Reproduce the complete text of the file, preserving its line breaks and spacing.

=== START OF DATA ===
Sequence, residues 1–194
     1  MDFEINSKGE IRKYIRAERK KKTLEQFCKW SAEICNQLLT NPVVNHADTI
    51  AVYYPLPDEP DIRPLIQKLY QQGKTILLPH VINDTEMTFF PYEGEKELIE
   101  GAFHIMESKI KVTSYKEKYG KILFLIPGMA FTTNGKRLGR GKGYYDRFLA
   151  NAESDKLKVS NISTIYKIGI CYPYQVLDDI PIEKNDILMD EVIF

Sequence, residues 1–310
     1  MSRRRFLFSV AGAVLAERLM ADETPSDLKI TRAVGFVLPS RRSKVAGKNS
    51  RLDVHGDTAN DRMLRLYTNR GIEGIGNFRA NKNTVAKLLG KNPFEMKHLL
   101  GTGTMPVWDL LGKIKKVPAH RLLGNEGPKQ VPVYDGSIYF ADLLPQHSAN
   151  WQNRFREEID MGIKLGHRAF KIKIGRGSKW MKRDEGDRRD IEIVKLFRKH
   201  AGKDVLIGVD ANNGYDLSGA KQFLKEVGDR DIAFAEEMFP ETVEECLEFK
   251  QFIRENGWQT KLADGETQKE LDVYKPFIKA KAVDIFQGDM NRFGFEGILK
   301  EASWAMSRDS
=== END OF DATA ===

Sequence, residues 1–194
     1  MDFEINSKGE IRKYIRAERK KKTLEQFCKW SAEICNQLLT NPVVNHADTI
    51  AVYYPLPDEP DIRPLIQKLY QQGKTILLPH VINDTEMTFF PYEGEKELIE
   101  GAFHIMESKI KVTSYKEKYG KILFLIPGMA FTTNGKRLGR GKGYYDRFLA
   151  NAESDKLKVS NISTIYKIGI CYPYQVLDDI PIEKNDILMD EVIF

Sequence, residues 1–310
     1  MSRRRFLFSV AGAVLAERLM ADETPSDLKI TRAVGFVLPS RRSKVAGKNS
    51  RLDVHGDTAN DRMLRLYTNR GIEGIGNFRA NKNTVAKLLG KNPFEMKHLL
   101  GTGTMPVWDL LGKIKKVPAH RLLGNEGPKQ VPVYDGSIYF ADLLPQHSAN
   151  WQNRFREEID MGIKLGHRAF KIKIGRGSKW MKRDEGDRRD IEIVKLFRKH
   201  AGKDVLIGVD ANNGYDLSGA KQFLKEVGDR DIAFAEEMFP ETVEECLEFK
   251  QFIRENGWQT KLADGETQKE LDVYKPFIKA KAVDIFQGDM NRFGFEGILK
   301  EASWAMSRDS